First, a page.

April (2014)
February (2014)
January (2014)
December (2013)
November (2013)
Valuing Work
October (2013)
September (2013)
May (2013)
April (2013)
March (2013)
February (2013)
January (2013)
November (2012)
Learning Styles
October (2012)
Working Smart and Working Hard
A friend recently posted this article, originally published last April, in response to the old poster promoting college education with the tagline, “Work Smart, Not Hard”. The poster on which the editorial is based elicits a number of responses from me, mainly that we cannot have students thinking hard work and smart work are mutually exclusive.

While Mike Rowe takes a slightly different approach in his commentary, focusing on the need for tradesmen and tradeswomen in today’s economy, I want to explore the simple fact that pursuing any type of higher education involves hard work.

Our goal at Proctor is not to equip students with an education that will allow them to avoid hard work in the future by ‘outthinking’ problems. Instead, our mission is to create a foundation so solid in students that they have the confidence to embrace hard work when it comes their way. We are all very fortunate to be at a school like Proctor, either as faculty/staff or as students, but that does not mean we are exempt from working hard.

As students return from winter break this week, they face eight weeks of hard work ahead of them before the end of the term. US History students are in the midst of term-long research projects. American Literature students are putting the finishing touches on their Hay’s Speaking Contest speeches. Algebra 2 students are realizing just how complex the quadratic formula really is. Hard work abounds.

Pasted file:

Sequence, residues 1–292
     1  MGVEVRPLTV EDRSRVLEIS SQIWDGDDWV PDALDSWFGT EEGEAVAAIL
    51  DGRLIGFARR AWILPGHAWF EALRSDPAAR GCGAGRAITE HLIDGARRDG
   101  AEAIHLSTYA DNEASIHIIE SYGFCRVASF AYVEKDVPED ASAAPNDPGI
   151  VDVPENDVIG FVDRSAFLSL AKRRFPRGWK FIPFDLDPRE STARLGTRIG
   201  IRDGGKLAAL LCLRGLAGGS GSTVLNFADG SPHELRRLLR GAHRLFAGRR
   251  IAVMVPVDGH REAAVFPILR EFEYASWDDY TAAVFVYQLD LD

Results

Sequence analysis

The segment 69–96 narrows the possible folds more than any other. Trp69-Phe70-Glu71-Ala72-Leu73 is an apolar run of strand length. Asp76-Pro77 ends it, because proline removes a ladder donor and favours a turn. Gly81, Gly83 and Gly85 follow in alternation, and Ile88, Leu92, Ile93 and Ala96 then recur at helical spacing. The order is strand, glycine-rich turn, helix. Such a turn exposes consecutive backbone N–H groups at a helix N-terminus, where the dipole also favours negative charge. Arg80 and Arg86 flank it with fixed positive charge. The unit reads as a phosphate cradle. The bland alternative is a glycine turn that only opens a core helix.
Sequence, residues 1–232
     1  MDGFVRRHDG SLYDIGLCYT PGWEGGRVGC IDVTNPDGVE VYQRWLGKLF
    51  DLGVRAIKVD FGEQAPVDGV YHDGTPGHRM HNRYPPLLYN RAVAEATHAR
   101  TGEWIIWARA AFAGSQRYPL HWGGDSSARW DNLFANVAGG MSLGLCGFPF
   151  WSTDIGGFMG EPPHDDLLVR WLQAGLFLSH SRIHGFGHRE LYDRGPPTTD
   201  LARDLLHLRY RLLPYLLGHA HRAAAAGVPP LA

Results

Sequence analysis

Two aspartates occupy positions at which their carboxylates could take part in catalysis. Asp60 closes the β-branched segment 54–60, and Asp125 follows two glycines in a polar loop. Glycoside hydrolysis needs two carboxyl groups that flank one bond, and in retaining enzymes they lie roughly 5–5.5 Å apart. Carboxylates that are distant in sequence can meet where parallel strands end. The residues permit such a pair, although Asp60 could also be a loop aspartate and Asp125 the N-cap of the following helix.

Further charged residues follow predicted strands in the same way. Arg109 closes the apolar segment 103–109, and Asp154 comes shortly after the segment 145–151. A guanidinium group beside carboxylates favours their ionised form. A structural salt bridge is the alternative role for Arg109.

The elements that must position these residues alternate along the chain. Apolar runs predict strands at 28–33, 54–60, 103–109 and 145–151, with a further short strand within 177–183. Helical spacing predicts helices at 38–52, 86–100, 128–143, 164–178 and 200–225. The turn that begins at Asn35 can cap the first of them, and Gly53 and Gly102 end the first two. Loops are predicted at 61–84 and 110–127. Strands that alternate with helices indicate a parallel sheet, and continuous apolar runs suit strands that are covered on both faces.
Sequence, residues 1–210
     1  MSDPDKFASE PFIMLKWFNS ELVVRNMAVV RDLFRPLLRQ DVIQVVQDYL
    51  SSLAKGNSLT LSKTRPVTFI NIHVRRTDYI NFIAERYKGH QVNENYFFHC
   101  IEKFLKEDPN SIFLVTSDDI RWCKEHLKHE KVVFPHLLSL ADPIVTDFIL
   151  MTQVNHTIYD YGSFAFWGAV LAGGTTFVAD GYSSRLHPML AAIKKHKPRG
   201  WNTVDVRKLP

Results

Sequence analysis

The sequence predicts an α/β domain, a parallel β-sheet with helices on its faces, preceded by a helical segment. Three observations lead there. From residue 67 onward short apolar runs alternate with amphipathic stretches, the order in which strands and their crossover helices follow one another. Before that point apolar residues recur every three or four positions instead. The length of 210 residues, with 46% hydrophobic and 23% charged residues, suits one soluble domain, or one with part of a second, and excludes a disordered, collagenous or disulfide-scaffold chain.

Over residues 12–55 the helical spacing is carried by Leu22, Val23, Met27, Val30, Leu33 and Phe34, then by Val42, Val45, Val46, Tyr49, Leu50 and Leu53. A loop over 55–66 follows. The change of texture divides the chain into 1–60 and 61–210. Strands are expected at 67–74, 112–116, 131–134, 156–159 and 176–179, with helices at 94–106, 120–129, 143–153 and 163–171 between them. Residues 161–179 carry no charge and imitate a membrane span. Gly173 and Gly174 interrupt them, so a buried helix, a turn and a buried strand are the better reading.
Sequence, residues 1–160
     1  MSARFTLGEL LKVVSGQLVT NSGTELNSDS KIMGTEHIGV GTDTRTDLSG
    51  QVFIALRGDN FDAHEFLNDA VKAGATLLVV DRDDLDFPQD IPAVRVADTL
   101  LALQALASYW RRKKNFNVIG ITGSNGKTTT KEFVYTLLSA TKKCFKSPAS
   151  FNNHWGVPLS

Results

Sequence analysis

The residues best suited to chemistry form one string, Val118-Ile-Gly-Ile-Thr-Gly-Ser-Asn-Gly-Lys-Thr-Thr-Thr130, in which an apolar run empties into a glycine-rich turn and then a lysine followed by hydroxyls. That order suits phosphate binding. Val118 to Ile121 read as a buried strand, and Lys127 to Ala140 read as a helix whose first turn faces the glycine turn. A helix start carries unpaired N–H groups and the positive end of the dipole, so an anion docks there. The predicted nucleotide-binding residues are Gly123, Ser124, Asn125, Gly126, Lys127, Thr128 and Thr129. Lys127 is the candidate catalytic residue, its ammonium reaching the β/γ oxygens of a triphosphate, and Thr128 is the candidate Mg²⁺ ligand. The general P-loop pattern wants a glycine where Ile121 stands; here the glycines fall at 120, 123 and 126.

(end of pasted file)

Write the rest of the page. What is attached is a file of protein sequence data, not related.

While school can often feel like hard work, our hope is that students are always conscious of why they are working so hard. To have context and purpose to one’s pursuits provides additional motivation. For American Literature students preparing to present speeches in front of their peers, motivation to work hard comes from understanding the value of public speaking beyond Maxwell Savage Room 9.

Theodore Roosevelt wrote in 1910, “It is not the critic who counts; not the man who points out how the strong man stumbles, or where the doer of deeds could have done them better. The credit belongs to the man who is actually in the arena, whose face is marred by dust and sweat and blood; who strives valiantly; who errs, who comes up short again and again...who spends himself in a worthy cause; who at best knows in the end the triumph of high achievement, and who at the worst, if he fails, at least fails while daring greatly, so that his place shall never be with those cold and timid souls who neither know victory nor defeat.”

We want our students to be the ones who are in the arena, as Roosevelt said, working hard, and risking failure because they know it will lead to personal growth. We want our students to spend themselves in worthy causes, to understand that putting in hard work and smart work are equally important to achieving their goals. Excellence does not merely happen, it must be earned. We embrace, and celebrate, the hard work that lies before us.
As we get back to work after winter break, we are reminded that school can be hard work.
While an old poster promoting college education said "Work Smart, Not Hard", we have different goals for our students.
We appreciate how fortunate we are to be at a place like Proctor, but just because we are fortunate does not mean we are exempt from hard work.
We want our students to understand that putting in hard work and smart work are equally important to achieving their goals.